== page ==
KUALA LUMPUR, Aug 10 — Transport Minister Datuk Seri Wee Ka Siong should publicly state if stiffer penalties will be imposed on illegal racing by cars and motorcycles — known colloquially as Mat Rempits — similar to those convicted of drink driving, federal Opposition lawmaker Lim Guan Eng said today.
The Bagan MP called the minister to make it clear once and for all instead of evading the topic by making political remarks.
“Wee had criticised me and trumpeted his success for increasing the penalties of death caused by reckless or dangerous driving under Section 41 of the Road Transport Act 1987 to a fine of RM50,000 and/or a five to 10 year jail sentence. Wee claimed that this covers heavier penalties for Mat Rempits.
“However, Wee could not explain why the heavier penalties imposed for drunk drivers that cause death are double that of the jail sentence imposed on Mat Rempits causing deaths,” Lim said in a statement.
The Penang lawmaker suggested Wee was making light of the dangers posed by illegal racers and pointed out that Mat Rempit stunts caused the deaths of five people in the island state just last month.
Lim reminded Wee that the latter had already increased the penalties for those driving under the influence of either alcohol or drugs two years ago, but noted that similar stern action against Mat Rempits seemed slow in contrast.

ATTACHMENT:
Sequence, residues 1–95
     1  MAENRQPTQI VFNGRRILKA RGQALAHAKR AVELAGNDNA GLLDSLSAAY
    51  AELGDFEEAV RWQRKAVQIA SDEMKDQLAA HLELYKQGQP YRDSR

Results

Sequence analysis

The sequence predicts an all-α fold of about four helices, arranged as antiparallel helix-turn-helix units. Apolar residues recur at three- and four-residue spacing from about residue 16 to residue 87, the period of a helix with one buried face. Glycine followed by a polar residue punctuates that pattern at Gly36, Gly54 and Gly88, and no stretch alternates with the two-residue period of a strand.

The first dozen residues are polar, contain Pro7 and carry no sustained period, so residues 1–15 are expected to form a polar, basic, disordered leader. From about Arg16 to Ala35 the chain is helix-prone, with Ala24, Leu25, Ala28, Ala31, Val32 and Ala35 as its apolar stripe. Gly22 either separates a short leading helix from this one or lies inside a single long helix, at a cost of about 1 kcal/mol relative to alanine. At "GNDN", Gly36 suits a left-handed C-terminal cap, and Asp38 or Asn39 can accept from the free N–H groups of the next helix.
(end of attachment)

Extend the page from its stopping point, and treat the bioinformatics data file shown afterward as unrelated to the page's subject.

The DAP national chairman noted there were news reports citing Transport Ministry secretary-general Datuk Isham Ishak saying the government plans to raise the punishment for illegal racers under the Road Transport Act 198, with a RM5,000 minimum and capping it at RM10,000.
Lim claimed the planned increase was due to his persistent questioning, which he noted is still lower than the penalties for driving under the influence.
Section 44 of the Transport Act amended in 2020 provides for a fine of RM50,000 to RM100,000 and a minimum of 10 years and a maximum of 15 years in jail for first offenders convicted of driving under the influence.
“Increasing token penalties for Mat Rempits will have no deterrent effect to stop the danger posed by illegal racers to the safety of members of the public unless the penalties are equal to that imposed for drunk driving.
“There is no disagreement that parents who allow their children under 18 years old to take part in the races should also be punished.
“However the ministry’s intention to get insurers to charge higher premiums for motorcyclists arrested for illegal racing may not have any impact since many of the Mat Rempits are not insured anyway,” Lim said.
He added that the current penalties for those caught taking part in illegal races is just a fine up to RM300.